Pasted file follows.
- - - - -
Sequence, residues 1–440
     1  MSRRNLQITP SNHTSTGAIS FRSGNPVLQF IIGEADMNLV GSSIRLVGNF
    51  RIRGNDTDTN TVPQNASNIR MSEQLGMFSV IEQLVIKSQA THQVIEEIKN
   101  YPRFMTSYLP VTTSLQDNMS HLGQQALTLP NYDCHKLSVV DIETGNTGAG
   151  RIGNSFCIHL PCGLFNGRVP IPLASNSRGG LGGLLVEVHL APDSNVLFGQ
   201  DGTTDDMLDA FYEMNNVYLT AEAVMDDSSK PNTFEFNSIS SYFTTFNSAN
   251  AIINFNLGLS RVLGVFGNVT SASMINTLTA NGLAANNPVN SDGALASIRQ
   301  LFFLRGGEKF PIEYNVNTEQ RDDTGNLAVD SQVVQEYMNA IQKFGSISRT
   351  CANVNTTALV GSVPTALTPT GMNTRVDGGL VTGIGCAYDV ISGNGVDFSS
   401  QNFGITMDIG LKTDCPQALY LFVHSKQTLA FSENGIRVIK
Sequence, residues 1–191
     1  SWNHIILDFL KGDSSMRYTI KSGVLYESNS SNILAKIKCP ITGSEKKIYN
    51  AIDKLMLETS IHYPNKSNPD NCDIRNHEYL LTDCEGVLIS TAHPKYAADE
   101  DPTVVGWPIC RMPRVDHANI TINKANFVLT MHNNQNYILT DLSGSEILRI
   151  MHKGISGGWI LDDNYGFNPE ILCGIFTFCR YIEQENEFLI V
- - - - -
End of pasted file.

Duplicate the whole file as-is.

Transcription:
Sequence, residues 1–440
     1  MSRRNLQITP SNHTSTGAIS FRSGNPVLQF IIGEADMNLV GSSIRLVGNF
    51  RIRGNDTDTN TVPQNASNIR MSEQLGMFSV IEQLVIKSQA THQVIEEIKN
   101  YPRFMTSYLP VTTSLQDNMS HLGQQALTLP NYDCHKLSVV DIETGNTGAG
   151  RIGNSFCIHL PCGLFNGRVP IPLASNSRGG LGGLLVEVHL APDSNVLFGQ
   201  DGTTDDMLDA FYEMNNVYLT AEAVMDDSSK PNTFEFNSIS SYFTTFNSAN
   251  AIINFNLGLS RVLGVFGNVT SASMINTLTA NGLAANNPVN SDGALASIRQ
   301  LFFLRGGEKF PIEYNVNTEQ RDDTGNLAVD SQVVQEYMNA IQKFGSISRT
   351  CANVNTTALV GSVPTALTPT GMNTRVDGGL VTGIGCAYDV ISGNGVDFSS
   401  QNFGITMDIG LKTDCPQALY LFVHSKQTLA FSENGIRVIK
Sequence, residues 1–191
     1  SWNHIILDFL KGDSSMRYTI KSGVLYESNS SNILAKIKCP ITGSEKKIYN
    51  AIDKLMLETS IHYPNKSNPD NCDIRNHEYL LTDCEGVLIS TAHPKYAADE
   101  DPTVVGWPIC RMPRVDHANI TINKANFVLT MHNNQNYILT DLSGSEILRI
   151  MHKGISGGWI LDDNYGFNPE ILCGIFTFCR YIEQENEFLI V